You may want to spend time by yourself as you sort out your feelings and get ready to say goodbye to the person you loved. Time alone is important as you take stock of everything the individual meant to you and all of the emotions you’re feeling. At this point, a gentle embrace is welcomed.

5) Acceptance (Acknowledgement)

This is a stage where the person experiencing the grief is reserved and shows a sense of peacefulness.

When an individual is dying of an illness or of old-age, this fifth stage isn’t something they’re necessarily cognizant of. Their health may have deteriorated to the extent that they have the same response as the person in mourning. They may be at the point when their association with others is greatly curbed.

Not everybody is able to feel the acceptance of loss. Sometimes an individual is killed in a tragic accident, and it is unexpected. At times, the rage some people feel is hard to get past.

When you are dealing with the loss of a loved one or a pet, or if there is somebody in your life who is dealing with a terminal illness, it is vital to allow yourself to feel the different emotions at each of the five stages of grief. They are normal reactions to grief, and when you try to hold the feelings in—or want to appear “strong” to others—you will only end up making the progression to healing take much longer.

Tips for Staying Healthy When Grieving

When you are mourning the loss of a loved one, you are consumed with grief. It is one of the most crippling times in your life, and the grief seems to overpower everything you do, whether it’s on the job, when trying to accomplish the smallest of tasks or sometimes even getting the day started. It is important to take care of yourself when you are struggling to deal with the stages of grief. The following are suggestions to ensure that you stay well.

  • You need to get an adequate amount of sleep to be able to deal with the grief and all of the other things in your life. If you feel tired, try to take a catnap or find a serene setting to quietly sit.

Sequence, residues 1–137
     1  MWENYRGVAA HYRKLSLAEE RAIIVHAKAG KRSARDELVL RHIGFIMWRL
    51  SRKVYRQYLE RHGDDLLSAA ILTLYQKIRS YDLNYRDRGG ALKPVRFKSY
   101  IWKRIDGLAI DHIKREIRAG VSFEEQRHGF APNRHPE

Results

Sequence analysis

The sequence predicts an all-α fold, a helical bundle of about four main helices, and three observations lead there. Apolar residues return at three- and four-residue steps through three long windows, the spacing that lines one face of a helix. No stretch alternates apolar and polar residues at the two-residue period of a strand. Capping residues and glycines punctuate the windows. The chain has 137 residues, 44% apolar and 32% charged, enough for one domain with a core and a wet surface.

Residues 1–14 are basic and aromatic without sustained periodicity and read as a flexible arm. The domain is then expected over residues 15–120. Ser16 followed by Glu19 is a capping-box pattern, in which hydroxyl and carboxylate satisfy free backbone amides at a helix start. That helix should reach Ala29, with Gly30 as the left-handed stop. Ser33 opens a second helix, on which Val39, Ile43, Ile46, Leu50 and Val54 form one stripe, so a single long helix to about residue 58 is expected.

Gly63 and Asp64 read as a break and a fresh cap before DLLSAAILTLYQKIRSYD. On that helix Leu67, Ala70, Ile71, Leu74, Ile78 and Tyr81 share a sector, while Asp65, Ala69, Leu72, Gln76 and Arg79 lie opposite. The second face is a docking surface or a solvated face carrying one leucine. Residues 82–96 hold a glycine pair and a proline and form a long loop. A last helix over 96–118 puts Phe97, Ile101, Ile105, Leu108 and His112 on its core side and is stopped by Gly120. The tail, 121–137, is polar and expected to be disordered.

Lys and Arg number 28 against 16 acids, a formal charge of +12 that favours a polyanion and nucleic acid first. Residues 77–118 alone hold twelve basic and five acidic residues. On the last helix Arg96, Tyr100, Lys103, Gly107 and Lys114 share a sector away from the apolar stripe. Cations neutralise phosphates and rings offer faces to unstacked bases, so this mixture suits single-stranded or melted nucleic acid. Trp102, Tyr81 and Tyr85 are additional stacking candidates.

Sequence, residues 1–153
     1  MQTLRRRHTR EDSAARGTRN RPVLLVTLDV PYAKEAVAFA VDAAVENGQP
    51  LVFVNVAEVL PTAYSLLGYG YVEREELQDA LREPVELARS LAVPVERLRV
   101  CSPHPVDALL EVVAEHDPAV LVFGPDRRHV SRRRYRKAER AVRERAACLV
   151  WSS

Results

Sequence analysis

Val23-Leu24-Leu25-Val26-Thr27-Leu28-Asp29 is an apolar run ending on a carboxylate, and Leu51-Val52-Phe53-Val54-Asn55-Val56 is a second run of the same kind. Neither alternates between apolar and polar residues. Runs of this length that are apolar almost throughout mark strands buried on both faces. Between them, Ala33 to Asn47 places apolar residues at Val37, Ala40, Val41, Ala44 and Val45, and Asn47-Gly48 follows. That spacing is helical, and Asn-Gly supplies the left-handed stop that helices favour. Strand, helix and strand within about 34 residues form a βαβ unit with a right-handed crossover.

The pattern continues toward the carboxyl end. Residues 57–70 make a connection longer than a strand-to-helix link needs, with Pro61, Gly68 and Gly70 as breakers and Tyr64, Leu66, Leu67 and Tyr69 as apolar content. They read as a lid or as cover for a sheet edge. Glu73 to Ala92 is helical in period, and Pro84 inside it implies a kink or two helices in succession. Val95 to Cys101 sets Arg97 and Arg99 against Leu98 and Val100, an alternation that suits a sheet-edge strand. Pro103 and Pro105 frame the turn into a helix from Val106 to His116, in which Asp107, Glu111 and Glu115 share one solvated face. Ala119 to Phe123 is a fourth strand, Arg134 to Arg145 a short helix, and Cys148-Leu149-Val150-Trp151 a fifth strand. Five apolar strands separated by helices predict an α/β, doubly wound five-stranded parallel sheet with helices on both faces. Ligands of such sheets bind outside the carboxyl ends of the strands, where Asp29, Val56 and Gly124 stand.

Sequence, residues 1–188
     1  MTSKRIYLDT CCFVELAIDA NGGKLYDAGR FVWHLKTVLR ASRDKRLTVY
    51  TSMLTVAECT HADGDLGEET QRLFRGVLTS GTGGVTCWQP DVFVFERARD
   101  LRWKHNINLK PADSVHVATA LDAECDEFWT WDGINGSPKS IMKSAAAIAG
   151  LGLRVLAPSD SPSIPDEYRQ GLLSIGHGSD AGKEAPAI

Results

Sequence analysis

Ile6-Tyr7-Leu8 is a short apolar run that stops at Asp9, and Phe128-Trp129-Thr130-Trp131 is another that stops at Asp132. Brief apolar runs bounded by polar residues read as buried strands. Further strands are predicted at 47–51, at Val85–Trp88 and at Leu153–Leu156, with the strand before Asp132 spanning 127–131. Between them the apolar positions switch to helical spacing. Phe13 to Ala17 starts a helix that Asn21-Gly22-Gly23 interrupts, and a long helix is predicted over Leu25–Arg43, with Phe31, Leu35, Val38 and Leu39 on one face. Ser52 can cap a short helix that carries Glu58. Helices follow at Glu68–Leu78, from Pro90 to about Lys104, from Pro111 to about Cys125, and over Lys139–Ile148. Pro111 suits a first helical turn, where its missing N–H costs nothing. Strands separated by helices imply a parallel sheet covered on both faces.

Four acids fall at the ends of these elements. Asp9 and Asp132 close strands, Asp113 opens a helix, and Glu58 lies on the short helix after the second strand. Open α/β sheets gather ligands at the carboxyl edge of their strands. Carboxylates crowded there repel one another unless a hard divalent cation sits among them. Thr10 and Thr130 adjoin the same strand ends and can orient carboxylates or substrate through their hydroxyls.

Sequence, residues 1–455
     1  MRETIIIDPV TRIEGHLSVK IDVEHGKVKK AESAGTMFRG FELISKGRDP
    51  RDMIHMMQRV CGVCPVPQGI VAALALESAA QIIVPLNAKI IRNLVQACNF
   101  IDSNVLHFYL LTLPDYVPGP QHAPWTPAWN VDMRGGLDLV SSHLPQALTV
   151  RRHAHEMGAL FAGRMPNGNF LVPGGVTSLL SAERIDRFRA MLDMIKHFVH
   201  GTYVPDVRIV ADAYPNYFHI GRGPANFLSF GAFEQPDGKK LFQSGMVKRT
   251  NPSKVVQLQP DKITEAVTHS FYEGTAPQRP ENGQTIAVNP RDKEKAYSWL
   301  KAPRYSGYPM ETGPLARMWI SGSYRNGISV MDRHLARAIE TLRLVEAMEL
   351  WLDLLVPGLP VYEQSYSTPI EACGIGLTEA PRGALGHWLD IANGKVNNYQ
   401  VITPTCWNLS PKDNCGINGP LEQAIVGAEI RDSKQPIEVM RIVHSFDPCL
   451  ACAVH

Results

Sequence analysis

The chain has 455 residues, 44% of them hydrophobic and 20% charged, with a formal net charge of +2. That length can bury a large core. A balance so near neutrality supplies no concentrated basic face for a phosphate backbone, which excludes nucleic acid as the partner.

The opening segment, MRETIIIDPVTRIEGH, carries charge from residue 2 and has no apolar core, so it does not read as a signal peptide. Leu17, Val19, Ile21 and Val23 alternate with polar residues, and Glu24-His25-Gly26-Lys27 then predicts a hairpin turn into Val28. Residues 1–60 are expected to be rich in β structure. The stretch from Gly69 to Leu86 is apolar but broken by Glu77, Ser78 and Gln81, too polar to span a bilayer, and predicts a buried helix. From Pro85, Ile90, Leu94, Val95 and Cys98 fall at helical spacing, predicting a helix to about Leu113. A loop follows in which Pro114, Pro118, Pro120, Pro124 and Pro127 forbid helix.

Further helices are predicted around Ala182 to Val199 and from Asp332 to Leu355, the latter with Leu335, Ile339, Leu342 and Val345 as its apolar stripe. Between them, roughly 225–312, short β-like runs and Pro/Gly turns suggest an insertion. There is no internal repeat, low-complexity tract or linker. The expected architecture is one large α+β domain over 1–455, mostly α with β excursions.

• With so many things on your mind, it is hard to keep track of everything you need to accomplish. Jot down the things you have to do and the appointments you have. You will not have to worry about neglecting something important or missing a critical meeting. It may also help to have another person give you reminders. It is normal to have a difficult time remembering things, and in time you will be back to normal.
  • Many people don’t want to cry in front of others or try to stop the flow of tears and quickly compose themselves. Let the tears out, because it is a healthful way to express your emotions.
  • Find somebody who you trust and feel secure with, and let them know how you are feeling. Sometimes feeling content and at ease talking with another person is tremendously uplifting to your spirit.
  • Writing about how you feel in a notebook can let the emotions out. It’s a safe and therapeutic way to help yourself deal with the many feelings you’re undergoing.
  • If you do not currently exercise every day, make it a part of your daily schedule now. Whether it is a jog around the block or some simple stretches, it will help get the stress out. Just 30 minutes of exercise a day should help.
  • Don’t skip meals, and pass on the junk food. It is important to keep your body nourished by eating healthy meals—or, if you feel that you can’t eat a full meal, try to eat small meals several times daily.